An enthusiastic person with many interests is very attractive as a partner. Do not make your loved one the center of the Universe, do not make your happiness, well-being and mood dependent on him / her. No one can bear such a heavy burden. nine0003

6. You turn a blind eye to warning signals

Listen to your feelings, doubts and suspicions. If something in your partner's behavior worries you, do not hesitate to say it right away and find out everything. You should not hope that he or she will ever change by itself. It is enough for a person who values ​​​​you to say once what exactly you do not like for him to make an effort to change the situation.

Do not justify his actions against you with childhood injuries, being busy at work, problems with your mother, but pretend to be a rescuer. If he is constantly on horseback, and you are in the role of a victim, you should not turn a blind eye to this, something is clearly wrong here. nine0003


You implicitly trust your partner's opinion

If you suddenly realize that you are doing something that you would never have done before, just because your partner likes it, this is a reason to think. Replacing your beliefs with those of your partner means that you have already lost a significant part of yourself and soon there will be nothing left of you at all.

You risk becoming just a shadow of your boyfriend or girlfriend. This is fraught with serious problems, including health problems, not to mention the fact that your partner will not care about you. nine0003

8. You are wildly jealous because of every little thing

Fear of loneliness or past betrayals should not poison relationships in the present. Are there real reasons for jealousy or only in your imagination? You run the risk of losing a partner not because of someone else, but because of yourself: no one can withstand constant distrust, the need to constantly reassure you and assure you of love. It happens differently: the reasons for jealousy are quite real, but instead of the desired “Sorry, I didn’t think it was unpleasant for you, I won’t do it again,” you once again hear the phrase “All this is nonsense.” You are trying to turn a blind eye to everything and convince everyone (and above all yourself) that you have a wonderful, strong couple, but fears and doubts literally eat you up from the inside. Such relationships cannot be called happy. nine0003

9. You feel unbearable when your partner is not around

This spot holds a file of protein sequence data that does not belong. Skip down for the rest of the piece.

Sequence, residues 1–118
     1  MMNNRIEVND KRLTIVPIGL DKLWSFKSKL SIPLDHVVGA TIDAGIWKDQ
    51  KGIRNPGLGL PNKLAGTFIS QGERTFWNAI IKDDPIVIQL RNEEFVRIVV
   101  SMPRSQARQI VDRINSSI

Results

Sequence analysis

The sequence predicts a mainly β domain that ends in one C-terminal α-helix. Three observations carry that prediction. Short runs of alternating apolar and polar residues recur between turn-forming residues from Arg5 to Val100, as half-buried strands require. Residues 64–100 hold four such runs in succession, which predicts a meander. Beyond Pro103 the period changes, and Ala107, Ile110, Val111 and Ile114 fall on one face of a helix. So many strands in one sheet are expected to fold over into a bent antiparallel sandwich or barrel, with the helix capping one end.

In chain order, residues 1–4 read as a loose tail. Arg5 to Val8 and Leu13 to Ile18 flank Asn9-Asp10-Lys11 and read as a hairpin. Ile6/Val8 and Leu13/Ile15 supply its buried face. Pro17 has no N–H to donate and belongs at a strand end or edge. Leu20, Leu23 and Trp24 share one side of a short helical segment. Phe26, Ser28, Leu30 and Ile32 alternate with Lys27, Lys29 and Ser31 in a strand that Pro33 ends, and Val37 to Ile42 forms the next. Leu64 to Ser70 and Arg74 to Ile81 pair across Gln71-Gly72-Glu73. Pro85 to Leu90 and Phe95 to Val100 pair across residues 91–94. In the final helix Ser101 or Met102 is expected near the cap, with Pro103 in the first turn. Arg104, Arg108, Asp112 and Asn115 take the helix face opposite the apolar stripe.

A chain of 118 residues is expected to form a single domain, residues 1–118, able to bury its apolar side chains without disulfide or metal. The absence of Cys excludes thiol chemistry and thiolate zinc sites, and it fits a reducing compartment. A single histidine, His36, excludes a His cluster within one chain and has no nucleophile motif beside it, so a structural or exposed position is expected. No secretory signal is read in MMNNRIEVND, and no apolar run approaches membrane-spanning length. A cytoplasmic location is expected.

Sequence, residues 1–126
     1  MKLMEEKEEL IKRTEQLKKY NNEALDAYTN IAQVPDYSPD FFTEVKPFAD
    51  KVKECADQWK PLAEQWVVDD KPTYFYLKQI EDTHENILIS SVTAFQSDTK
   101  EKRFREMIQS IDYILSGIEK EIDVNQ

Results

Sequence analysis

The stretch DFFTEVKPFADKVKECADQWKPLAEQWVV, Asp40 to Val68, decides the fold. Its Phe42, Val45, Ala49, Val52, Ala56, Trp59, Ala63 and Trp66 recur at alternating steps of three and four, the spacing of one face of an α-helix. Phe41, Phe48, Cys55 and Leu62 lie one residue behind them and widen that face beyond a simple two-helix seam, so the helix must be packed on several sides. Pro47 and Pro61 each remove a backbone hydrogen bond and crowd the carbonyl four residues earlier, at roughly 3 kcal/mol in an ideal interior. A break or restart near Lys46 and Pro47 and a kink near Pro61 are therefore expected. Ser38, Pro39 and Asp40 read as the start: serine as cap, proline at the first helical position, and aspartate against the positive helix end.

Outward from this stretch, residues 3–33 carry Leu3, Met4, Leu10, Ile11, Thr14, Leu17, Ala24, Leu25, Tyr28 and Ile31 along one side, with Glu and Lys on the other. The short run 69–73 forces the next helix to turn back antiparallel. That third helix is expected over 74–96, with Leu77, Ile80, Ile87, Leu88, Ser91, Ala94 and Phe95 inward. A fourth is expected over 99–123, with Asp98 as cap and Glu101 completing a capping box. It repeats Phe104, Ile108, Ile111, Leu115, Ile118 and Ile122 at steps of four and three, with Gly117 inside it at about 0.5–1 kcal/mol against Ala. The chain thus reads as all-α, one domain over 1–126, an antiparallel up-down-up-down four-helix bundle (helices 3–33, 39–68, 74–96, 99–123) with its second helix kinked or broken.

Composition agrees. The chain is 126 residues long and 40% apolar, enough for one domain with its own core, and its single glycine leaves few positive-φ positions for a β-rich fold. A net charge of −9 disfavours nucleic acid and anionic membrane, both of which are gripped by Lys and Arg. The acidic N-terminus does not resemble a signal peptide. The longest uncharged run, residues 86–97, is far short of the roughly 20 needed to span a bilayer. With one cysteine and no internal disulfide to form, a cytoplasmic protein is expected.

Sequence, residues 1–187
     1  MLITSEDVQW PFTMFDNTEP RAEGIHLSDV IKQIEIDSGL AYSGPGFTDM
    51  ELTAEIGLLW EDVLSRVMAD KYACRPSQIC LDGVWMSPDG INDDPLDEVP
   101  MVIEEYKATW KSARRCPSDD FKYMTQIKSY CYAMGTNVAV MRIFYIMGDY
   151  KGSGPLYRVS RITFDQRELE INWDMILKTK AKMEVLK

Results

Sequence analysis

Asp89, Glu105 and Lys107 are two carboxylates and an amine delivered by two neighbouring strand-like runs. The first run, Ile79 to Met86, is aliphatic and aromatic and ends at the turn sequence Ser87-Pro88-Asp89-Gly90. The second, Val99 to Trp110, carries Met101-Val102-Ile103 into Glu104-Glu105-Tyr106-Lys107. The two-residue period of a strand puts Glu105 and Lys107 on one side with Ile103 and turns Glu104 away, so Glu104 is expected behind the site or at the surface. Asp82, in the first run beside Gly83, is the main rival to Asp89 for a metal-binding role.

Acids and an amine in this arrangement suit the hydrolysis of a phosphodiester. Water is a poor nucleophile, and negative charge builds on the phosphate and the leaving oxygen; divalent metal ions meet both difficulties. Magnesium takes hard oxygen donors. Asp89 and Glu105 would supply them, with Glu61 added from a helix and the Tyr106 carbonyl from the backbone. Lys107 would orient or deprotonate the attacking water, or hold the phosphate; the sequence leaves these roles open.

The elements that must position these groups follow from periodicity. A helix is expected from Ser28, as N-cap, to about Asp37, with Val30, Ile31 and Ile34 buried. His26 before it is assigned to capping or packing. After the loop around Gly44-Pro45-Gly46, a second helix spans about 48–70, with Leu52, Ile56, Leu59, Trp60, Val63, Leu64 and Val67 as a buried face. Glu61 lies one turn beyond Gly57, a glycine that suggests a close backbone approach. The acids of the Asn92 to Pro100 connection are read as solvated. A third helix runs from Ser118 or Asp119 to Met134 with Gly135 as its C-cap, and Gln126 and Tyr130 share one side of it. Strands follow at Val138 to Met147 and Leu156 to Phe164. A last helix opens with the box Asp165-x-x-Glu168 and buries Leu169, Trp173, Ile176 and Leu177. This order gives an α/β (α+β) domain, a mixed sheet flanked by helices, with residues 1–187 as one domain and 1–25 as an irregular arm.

When we are in love, we want to be near the object of our adoration every minute. But you should not choke a person with your boundless attention. Do not live only in love dreams, remember the everyday affairs and responsibilities that you have abandoned. Leave personal space to your partner, do not try to find out absolutely everything about him.

Try not to focus on bad thoughts like “What if she is with someone else now!” Because she really can be with someone else. You won’t change this with your anxiety, it’s better to pay attention to her behavior in general. Do not fill up all your free time and all your mind with a partner. So you will only be more interesting in his or her eyes. nine0003

10. You justify the ugly behavior of your soul mate

When in love, we tend to see our partner through rose-colored glasses. It is worth paying attention not only to how he or she behaves with you (we all first try to show ourselves in front of a potential partner from the best side), but also how she communicates with others.

If on the first date a man is gallant and smiles sweetly, but suddenly starts yelling at the waitress who mixed up the dishes, this is a bad sign. After some time, when the first passion subsides, you can be in the place of this waitress when you are going to the cinema for 20 minutes instead of 10.

Bonus: what to do at the moment of especially acute experiences?

Psychologist Olga Chizh gives simple advice on how to help yourself when emotions and feelings literally overwhelm you.

1. Take responsibility for your emotional state from your partner. You, and only you, are responsible for it.

2. Do not constantly think about what the object of your love is doing now, what his words meant, how to understand his actions, etc. Do not let negative fantasies and conjectures torment you. Return to the “here and now” state more often, ground yourself. Concentration on the breath can help with this. nine0003

3. Find a comfortable place in your body and mentally place there the “inner observer” — that part of you that maintains objectivity in any situation, does not give in to emotions. Look around with the eyes of an "inner observer". You are overwhelmed with feelings towards your lover, but this is not all / not all of you.

4. Look for resources: what can cheer you up and distract you from obsessive thoughts about your partner? A cup of coffee, a good movie or book, physical activity, a fragrant bath, a conversation with a friend? All means are good.

Learn more